They turned their attention to a number of problems plaguing the world.  But we will be focusing only on the problems of agriculture.

POINT 1: Pesticide free food

Crops the world over are sprayed with pesticides to protect them from insects that eat the crops. The ingredient used in some pesticides is derived from a certain bacterial strain that lives in the soil called Bacillus thurengensis (or Bt). It contains a gene that allows it to make a certain kind of poison. The poison made by this bacterium has been used to kill insects since the 1950s. But the problem with this poison is that it does not last for long. The poison degrades rapidly after exposure to sunlight. So it needs to be sprayed many times. The spraying of pesticides on crops causes enormous damage to the environment.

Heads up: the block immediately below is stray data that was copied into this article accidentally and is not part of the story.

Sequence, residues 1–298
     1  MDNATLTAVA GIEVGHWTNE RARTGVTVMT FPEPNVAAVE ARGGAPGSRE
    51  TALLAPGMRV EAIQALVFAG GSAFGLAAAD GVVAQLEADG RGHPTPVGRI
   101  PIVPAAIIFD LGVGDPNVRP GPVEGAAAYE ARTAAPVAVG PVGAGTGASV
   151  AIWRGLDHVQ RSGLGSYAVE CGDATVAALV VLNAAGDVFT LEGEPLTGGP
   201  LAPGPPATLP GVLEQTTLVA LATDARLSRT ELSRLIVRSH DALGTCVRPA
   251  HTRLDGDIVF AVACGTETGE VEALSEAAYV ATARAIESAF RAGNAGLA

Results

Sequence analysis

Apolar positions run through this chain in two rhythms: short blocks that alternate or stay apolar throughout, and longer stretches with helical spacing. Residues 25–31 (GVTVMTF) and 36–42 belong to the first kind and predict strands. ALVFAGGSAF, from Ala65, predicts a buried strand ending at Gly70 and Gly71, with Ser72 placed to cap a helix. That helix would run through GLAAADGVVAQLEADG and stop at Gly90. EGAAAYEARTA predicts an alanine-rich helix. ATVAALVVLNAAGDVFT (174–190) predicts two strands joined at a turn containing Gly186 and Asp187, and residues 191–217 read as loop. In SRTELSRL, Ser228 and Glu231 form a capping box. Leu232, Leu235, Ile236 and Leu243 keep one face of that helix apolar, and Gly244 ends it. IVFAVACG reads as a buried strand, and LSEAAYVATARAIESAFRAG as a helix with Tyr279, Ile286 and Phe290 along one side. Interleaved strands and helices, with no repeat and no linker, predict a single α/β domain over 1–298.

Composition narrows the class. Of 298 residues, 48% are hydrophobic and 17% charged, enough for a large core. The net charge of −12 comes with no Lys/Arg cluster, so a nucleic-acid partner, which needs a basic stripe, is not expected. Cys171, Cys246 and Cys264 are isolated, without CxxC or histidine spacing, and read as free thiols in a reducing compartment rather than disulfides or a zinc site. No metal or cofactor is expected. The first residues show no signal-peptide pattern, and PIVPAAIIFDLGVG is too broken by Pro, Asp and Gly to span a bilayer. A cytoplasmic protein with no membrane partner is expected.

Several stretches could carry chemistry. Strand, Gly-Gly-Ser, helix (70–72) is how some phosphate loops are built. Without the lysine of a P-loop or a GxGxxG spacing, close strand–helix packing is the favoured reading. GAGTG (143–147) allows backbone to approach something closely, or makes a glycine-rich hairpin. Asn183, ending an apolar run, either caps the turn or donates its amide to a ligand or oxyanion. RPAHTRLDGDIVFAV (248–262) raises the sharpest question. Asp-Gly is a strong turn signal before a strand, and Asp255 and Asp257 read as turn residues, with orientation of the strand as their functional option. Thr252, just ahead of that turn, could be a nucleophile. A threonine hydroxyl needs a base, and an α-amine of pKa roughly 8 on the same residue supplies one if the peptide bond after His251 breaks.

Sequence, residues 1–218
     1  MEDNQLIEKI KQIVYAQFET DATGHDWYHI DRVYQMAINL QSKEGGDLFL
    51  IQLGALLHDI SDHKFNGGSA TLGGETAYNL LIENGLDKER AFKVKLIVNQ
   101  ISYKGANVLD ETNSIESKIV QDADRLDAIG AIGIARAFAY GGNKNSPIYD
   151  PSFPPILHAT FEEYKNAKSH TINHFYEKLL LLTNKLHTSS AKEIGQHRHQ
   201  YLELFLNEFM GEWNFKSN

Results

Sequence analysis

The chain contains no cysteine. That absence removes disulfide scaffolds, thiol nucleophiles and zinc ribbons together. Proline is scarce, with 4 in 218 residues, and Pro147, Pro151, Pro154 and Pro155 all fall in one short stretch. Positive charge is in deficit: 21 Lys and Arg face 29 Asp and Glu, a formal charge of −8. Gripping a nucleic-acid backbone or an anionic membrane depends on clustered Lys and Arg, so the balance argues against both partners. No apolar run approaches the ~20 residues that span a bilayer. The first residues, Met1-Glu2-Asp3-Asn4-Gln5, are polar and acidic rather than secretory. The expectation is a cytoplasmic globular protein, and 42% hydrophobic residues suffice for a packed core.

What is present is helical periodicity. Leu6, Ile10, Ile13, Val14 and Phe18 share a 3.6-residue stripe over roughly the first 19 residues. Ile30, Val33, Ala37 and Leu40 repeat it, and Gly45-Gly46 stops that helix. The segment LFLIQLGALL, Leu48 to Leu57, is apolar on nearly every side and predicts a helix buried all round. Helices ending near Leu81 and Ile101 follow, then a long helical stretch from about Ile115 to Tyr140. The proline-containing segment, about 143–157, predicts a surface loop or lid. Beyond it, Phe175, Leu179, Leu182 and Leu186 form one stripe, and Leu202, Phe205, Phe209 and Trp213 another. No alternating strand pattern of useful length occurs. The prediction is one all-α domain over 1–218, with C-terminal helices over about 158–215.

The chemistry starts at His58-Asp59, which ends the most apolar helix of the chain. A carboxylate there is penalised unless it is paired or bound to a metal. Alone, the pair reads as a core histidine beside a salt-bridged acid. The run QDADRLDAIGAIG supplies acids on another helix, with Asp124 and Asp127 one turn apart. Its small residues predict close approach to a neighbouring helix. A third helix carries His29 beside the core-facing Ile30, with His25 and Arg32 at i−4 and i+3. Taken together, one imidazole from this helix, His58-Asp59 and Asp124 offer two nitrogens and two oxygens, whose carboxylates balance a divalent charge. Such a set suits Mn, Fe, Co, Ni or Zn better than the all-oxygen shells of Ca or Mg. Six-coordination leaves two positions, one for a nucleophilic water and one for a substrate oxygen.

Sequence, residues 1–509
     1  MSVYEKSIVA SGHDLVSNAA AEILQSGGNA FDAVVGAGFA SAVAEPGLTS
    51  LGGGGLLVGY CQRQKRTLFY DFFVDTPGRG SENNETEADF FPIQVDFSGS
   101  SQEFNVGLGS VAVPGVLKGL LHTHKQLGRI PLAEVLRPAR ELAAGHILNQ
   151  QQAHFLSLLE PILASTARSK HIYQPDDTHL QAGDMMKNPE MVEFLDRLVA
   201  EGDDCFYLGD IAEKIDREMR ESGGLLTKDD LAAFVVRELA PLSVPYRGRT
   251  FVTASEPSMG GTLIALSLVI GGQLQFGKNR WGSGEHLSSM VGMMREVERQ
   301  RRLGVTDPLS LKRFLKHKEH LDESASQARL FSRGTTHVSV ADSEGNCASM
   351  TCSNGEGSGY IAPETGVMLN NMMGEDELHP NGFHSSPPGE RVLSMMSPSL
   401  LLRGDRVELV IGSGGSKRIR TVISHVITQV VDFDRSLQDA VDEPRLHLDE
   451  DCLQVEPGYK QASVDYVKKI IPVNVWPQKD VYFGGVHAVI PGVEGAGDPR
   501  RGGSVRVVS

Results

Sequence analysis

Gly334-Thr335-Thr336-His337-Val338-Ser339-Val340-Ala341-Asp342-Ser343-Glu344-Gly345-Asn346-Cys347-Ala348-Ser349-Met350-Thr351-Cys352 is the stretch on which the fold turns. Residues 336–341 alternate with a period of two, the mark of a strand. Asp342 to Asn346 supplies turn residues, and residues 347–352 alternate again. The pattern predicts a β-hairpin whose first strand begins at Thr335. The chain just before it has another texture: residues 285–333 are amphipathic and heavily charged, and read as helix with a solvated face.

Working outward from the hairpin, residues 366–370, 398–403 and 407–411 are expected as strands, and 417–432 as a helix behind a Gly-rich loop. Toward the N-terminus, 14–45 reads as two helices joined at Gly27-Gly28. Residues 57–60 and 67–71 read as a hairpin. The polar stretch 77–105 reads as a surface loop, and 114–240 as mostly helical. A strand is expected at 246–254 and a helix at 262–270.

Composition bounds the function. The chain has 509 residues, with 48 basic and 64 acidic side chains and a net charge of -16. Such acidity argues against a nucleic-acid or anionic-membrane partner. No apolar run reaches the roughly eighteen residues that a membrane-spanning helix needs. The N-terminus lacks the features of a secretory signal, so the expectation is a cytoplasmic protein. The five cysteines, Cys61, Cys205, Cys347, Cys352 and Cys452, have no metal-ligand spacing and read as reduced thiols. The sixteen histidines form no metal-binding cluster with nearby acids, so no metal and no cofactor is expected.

What if we make crops that don’t need spraying of pesticides on them? What if we insert a poison gene into our crop of interest? The  pests that eat it will die after eating the crop! So no spraying of pesticides at all! We won’t have to eat pesticide-laden food and the farmer’s work will be reduced!

Well the obvious question that comes to mind is- what will happen to the people who eat this brinjal? Won’t they too be poisoned? Now the people who have conducted research on this Bt poison tell us that this is where the beauty of the Bt poison lies. We needed to spray the pesticides often because its efficacy is reduced after exposure to sunlight. Since it degrades very easily, we don’t have to worry about it. When it gets heated, in other words, cooked, the poison disintegrates and is not longer functional. Well this is what the scientists say, and this is where some of the concerns lie. (To read more on it go to Part II).

POINT 2: Round-up